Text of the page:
Ms Johnson testified that the conduct of her harasser was outrageous, indecent and abusive, that he insulted her ability as a police officer because of her gender and made her the target of unwanted sexual innuendos and vulgar comments.  She testified that this conduct had gone on for nearly a year on a daily basis, that she had reported the incidents to someone in authority, who corroborated her reporting, and that she felt that no action had been taken in regard to her complaints of sexual harassment by the employer.

As a result of the unwanted, hostile behavior which the City had not remedied, Johnson testified that she suffered from physical and emotional injuries and felt that she was unable to perform her occupational duties as a law enforcement officer.  The Mississippi Supreme court found that there was sufficient evidence to indicate a hostile working environment as well as the failure of the authorities, including City government, to rectify the situation.

A word to the wise:  what a woman perceives as unwanted, hostile, sexually and gender oriented behavior is usually radically different from what a man perceives in the identical situation.  Consider the peer reviewed journal articles which include survey after survey which suggest that 90% of all women have either experienced sexual harassment or observed it, while only 15% of men have observed sexual harassment.

A reminder about hostile work environments………..take a look at the work environments provided, and particularly at the departments — like those of law enforcement, public works, etc. — which are dominated by men.  What is “allowed” behavior may not be “appropriate” behavior and unless reined in, your public entity may find itself a defendant just like the City of Belzoni.

 

 


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A New “Twinkie” Defense?

February 13, 2012
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Prosecutors, be prepared.  The states of Idaho, Florida and Kentucky have considered a new insanity defense much like the Twinkie defense” — you remember — Supervisor Dan White fatally shot San Francisco Mayor George Moscone and Supervisor Harvey Milk.  White argued that he had diminished capacity because he had been eating high-sugar junk food.  (At the time, California had a “diminished capacity defense” which the legislature changed to a “diminished actuality defense”, which is harder to prove.)

Forget Twinkies!

The new defense is the “Red Bull” defense, and it covers a multitude of caffeinated drinks, including coffee.  Where did this come from?  Well, the DSM – IV – TR  lists caffeine intoxication as a DISORDER.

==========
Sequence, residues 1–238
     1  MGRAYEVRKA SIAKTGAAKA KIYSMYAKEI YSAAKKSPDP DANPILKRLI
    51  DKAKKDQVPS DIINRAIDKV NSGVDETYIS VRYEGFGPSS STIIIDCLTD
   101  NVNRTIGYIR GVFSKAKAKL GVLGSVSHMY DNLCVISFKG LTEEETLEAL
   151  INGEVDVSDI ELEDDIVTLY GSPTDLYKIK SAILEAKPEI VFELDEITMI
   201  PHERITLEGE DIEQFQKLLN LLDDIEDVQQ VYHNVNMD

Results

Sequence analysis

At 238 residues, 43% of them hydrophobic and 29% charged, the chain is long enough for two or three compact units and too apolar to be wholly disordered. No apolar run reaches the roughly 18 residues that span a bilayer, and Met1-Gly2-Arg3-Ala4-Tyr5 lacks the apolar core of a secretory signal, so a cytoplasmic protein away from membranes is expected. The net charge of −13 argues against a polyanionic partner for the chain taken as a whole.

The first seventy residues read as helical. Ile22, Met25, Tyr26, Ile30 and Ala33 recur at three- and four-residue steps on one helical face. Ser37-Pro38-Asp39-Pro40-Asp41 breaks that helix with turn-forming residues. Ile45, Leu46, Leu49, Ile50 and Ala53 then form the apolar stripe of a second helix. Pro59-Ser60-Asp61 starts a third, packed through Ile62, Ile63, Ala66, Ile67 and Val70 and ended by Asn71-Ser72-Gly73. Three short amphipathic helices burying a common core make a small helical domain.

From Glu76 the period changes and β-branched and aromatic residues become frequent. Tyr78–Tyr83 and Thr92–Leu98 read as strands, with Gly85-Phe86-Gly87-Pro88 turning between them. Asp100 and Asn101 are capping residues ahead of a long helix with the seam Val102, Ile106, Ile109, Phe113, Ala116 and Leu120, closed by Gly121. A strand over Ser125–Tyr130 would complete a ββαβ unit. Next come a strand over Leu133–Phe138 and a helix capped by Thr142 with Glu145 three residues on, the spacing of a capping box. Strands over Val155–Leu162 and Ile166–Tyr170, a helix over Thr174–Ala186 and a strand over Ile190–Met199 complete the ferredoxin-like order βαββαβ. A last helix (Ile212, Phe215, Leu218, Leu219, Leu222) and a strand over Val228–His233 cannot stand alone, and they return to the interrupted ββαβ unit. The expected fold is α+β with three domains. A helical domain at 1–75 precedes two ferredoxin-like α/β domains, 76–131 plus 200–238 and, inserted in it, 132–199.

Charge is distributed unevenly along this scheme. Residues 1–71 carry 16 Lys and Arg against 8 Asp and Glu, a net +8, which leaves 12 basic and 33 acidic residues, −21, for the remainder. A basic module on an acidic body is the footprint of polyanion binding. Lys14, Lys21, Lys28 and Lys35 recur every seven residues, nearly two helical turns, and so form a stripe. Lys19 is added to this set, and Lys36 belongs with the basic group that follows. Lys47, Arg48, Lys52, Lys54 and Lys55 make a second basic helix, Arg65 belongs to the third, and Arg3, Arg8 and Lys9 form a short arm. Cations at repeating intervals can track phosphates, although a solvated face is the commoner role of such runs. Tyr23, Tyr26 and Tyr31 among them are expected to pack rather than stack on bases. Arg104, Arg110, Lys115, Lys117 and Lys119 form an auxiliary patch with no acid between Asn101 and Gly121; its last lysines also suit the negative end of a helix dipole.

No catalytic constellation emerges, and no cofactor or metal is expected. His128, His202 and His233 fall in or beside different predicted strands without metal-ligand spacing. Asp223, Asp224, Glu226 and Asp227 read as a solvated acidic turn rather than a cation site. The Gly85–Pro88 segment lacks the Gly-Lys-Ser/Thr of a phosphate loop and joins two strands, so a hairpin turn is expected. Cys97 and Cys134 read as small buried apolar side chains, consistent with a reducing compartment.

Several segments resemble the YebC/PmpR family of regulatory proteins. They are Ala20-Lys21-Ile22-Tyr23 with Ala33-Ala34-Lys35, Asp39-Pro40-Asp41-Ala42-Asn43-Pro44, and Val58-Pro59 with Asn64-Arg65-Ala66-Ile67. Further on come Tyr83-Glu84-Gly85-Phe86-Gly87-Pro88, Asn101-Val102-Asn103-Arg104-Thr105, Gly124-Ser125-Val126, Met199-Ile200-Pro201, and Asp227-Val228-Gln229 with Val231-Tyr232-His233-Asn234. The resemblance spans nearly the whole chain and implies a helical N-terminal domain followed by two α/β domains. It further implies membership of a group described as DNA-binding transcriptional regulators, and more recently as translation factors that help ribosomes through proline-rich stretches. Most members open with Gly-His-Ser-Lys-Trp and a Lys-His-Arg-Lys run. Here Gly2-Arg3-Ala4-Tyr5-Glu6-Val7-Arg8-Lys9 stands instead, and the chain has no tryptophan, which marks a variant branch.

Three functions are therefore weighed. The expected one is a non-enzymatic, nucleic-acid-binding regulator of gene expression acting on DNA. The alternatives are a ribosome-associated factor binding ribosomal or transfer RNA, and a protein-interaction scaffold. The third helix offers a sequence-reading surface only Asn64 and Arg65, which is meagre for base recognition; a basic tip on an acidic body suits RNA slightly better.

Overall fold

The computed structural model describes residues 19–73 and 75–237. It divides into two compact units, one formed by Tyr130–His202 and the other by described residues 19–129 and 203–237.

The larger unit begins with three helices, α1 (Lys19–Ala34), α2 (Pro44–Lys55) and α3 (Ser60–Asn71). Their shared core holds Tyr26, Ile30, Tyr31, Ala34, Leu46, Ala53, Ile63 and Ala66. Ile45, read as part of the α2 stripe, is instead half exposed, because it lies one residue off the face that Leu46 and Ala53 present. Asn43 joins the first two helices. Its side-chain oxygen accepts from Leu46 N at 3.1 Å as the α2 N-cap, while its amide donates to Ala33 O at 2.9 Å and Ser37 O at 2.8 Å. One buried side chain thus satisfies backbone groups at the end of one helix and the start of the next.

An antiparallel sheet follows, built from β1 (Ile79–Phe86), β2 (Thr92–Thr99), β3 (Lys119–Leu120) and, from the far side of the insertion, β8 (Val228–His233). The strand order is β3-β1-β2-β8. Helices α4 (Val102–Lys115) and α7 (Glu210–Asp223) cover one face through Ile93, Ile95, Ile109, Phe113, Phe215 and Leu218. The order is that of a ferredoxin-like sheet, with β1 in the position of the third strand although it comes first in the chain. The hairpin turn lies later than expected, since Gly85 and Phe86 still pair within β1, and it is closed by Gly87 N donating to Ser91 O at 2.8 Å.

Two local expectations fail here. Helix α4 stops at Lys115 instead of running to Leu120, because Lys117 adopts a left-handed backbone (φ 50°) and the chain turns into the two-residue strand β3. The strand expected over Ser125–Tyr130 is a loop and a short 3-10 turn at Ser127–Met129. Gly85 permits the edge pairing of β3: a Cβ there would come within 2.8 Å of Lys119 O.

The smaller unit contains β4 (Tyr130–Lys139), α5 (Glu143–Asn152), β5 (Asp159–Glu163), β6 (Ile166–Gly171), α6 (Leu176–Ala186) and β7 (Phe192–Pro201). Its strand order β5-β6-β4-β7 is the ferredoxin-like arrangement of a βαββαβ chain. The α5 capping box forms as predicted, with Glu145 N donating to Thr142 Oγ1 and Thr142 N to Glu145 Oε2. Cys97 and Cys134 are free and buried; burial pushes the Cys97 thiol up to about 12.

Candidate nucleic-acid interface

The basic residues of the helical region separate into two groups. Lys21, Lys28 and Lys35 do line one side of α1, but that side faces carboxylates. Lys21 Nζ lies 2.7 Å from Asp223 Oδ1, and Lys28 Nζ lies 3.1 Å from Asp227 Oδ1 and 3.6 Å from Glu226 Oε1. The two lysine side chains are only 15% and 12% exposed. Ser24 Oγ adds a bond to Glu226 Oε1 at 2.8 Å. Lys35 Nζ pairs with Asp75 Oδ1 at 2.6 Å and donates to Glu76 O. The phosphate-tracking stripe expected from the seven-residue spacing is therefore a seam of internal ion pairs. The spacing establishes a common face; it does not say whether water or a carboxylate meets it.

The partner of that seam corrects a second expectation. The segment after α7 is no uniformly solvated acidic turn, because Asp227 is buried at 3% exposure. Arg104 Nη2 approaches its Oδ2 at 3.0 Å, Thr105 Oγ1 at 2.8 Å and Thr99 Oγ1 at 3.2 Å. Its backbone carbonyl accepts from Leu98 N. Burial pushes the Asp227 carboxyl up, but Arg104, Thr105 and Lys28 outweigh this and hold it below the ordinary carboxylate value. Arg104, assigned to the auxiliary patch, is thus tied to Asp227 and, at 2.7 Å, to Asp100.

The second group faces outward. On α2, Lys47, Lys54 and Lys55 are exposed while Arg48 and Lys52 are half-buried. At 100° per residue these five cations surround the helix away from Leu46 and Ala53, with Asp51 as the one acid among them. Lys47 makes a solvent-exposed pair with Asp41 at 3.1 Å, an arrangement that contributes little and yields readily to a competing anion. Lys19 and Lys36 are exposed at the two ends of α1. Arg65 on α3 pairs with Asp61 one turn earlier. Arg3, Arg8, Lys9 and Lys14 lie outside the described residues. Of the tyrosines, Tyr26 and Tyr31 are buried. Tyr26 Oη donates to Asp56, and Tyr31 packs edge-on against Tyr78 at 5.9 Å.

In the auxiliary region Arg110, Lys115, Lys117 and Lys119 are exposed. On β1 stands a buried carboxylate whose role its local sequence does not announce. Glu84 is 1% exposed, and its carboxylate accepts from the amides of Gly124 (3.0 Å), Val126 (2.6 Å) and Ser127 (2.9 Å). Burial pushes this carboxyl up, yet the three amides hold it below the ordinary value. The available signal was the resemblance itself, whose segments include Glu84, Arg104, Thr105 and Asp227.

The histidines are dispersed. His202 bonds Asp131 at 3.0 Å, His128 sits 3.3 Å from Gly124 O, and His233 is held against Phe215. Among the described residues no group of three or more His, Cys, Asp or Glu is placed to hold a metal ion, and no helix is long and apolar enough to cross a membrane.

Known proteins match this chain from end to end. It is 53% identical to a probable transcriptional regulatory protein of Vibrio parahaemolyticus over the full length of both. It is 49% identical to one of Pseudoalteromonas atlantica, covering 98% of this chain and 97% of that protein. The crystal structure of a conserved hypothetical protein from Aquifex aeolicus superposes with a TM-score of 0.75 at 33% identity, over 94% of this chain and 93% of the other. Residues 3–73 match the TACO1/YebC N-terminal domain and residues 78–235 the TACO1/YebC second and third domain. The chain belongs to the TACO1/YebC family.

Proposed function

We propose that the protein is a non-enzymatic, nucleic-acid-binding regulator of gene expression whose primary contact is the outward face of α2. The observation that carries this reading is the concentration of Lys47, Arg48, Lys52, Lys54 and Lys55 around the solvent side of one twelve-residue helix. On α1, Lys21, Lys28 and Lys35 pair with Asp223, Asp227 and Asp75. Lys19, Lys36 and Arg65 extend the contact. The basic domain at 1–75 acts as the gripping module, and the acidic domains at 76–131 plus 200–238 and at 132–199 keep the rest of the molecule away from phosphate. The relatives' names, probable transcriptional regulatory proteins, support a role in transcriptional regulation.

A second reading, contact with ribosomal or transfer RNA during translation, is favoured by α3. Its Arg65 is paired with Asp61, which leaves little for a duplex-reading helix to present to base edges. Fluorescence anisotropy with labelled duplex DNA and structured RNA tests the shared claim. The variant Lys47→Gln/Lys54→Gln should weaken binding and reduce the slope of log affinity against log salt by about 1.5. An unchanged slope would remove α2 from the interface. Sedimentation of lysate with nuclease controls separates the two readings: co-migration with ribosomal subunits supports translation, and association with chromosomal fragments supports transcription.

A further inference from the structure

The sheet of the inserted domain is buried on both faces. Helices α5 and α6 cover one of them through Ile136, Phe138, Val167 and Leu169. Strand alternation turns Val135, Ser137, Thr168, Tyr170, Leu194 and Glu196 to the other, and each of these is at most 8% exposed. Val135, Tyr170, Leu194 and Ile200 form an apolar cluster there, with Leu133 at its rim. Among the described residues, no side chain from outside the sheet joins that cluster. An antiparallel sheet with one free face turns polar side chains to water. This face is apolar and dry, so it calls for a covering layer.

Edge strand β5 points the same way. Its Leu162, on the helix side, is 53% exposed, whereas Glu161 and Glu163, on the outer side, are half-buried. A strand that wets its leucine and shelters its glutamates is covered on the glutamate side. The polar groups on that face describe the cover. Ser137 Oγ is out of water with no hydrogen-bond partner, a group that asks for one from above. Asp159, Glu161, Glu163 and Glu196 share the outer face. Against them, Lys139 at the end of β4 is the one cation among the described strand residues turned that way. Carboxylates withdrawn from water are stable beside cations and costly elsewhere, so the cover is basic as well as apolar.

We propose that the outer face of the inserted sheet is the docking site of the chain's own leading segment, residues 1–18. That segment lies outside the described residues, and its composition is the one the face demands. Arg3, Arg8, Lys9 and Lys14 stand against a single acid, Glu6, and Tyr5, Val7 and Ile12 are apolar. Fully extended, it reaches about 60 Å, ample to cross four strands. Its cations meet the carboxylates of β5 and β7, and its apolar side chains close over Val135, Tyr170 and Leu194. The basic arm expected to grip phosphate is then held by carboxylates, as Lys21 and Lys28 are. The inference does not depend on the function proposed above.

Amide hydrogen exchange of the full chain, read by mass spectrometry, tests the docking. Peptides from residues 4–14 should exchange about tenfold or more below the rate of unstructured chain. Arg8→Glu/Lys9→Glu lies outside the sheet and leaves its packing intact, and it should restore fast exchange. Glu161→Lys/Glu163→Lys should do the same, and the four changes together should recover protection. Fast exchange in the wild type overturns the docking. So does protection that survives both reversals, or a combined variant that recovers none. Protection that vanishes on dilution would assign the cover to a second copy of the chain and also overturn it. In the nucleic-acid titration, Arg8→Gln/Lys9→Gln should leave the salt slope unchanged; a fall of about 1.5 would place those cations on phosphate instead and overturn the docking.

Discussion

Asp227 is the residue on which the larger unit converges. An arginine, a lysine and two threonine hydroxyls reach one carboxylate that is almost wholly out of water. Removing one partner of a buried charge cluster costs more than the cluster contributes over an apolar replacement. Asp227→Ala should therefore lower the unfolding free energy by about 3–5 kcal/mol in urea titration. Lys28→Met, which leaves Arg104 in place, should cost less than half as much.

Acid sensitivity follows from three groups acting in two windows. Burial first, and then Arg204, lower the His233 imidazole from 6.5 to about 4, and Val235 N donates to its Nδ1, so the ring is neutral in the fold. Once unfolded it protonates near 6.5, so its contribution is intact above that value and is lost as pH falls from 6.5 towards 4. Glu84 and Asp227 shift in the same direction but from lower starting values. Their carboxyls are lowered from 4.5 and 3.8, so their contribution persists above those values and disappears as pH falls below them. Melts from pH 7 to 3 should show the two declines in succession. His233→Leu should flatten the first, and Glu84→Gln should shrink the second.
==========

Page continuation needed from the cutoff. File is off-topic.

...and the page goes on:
Admittedly, the Red Bull defense, along with the Twinkie defense, will be more difficult in M’Naughten states such as Mississippi.  The M’Naughten Test is the traditional “right and wrong” test of legal insanity in criminal prosecutions. (M’Naughten was a notorious English assassin in the early 1800s who unintentionally lent his name to the test.)  Under M’Naughten, a defendant is legally insane if he/she cannot distinguish between right and wrong in regard to the crime with which he/she is charged.  If the judge or jury finds that the defendant could not distinguish between right and wrong, then criminal intent is missing and intent is an essential element in proving a crime.

The insanity defense has gone through lots of iterations:  from M’Naughten to the Durham Rule, which has been disavowed in a number of jurisdictions since the lat 1970s.  Durham was created in 1954 as a softer recapitulation of the insanity defense.  In Durham v. United States, 214 F.2d 862 (1954), Judge David L. Bazelon of the United States Court of Appeals for the District of Columbia wrote:  “an accused is not criminally responsible if his unlawful act was the product of mental disease.”  It required that the jury determine that the defendant was suffering from a mental disorder and that there was a causal relationship between the disease and the act.  This rule was rejected by the DC Court of Appeals in 1972.  (United States v. Brawner, 471 F.2d 969 (1972).

Prior to Durham, many courts had supplemented M’Naughten by the “irresistible impulse test” which allowed a jury to inquire as to whether the accused suffered from a mental condition that did not allow him or her to resist an insane impulse.

In the last half of the 20th century legal tests of insanity were subject to critical review.  M’Naughten was thought to be outdated by some legal scholars because it did not take into consideration the broad range of mental disorders that had been identified by modern science.  (Now, in the mid 20th century the DSM – II  was probably 1/3 of the length of its successor, DSM – IV, and probably had less than 2/3s of the currently recognized mental disorders.)